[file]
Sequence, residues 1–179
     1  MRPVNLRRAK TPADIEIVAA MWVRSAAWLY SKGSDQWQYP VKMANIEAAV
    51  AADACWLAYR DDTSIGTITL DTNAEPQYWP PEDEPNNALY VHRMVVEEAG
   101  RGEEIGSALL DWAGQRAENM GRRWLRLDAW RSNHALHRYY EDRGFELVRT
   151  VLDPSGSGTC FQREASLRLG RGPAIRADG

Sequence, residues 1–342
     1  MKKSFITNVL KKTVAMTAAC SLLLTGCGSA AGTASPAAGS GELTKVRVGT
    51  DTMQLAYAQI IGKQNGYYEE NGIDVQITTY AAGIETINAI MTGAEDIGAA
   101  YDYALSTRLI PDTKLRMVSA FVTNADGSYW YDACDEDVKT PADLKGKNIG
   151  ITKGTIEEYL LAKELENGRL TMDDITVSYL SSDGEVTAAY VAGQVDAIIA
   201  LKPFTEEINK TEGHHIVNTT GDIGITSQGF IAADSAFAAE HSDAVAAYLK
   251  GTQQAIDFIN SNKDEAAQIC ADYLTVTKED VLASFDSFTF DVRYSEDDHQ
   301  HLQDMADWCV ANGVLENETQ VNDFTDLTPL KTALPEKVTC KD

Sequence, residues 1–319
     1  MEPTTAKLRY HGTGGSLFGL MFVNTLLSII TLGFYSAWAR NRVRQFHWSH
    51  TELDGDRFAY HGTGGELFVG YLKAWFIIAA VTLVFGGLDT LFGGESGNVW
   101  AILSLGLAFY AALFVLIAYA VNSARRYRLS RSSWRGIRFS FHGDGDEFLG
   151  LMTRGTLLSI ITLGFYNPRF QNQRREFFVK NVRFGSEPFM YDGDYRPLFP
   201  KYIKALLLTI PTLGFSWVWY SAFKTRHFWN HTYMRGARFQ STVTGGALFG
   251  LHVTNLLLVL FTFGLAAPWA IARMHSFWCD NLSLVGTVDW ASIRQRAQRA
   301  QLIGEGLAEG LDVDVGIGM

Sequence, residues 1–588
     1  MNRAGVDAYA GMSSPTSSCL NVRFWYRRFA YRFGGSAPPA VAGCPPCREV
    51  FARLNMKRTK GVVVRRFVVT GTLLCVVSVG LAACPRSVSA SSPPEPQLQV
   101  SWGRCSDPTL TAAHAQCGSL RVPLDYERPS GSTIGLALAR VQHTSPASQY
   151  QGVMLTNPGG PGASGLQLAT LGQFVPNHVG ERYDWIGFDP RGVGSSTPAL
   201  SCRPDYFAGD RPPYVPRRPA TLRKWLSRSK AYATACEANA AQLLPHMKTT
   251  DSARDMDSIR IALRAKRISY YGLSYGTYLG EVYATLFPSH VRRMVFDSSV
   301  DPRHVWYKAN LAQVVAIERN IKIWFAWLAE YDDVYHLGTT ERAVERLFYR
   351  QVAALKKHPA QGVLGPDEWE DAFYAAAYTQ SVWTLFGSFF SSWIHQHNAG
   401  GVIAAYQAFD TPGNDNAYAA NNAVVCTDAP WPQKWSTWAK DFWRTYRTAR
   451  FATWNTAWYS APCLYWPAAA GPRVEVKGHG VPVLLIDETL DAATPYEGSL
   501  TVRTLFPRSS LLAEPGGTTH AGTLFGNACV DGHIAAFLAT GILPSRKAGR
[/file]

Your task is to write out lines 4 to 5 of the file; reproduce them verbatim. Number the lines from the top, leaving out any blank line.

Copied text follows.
   101  RGEEIGSALL DWAGQRAENM GRRWLRLDAW RSNHALHRYY EDRGFELVRT
   151  VLDPSGSGTC FQREASLRLG RGPAIRADG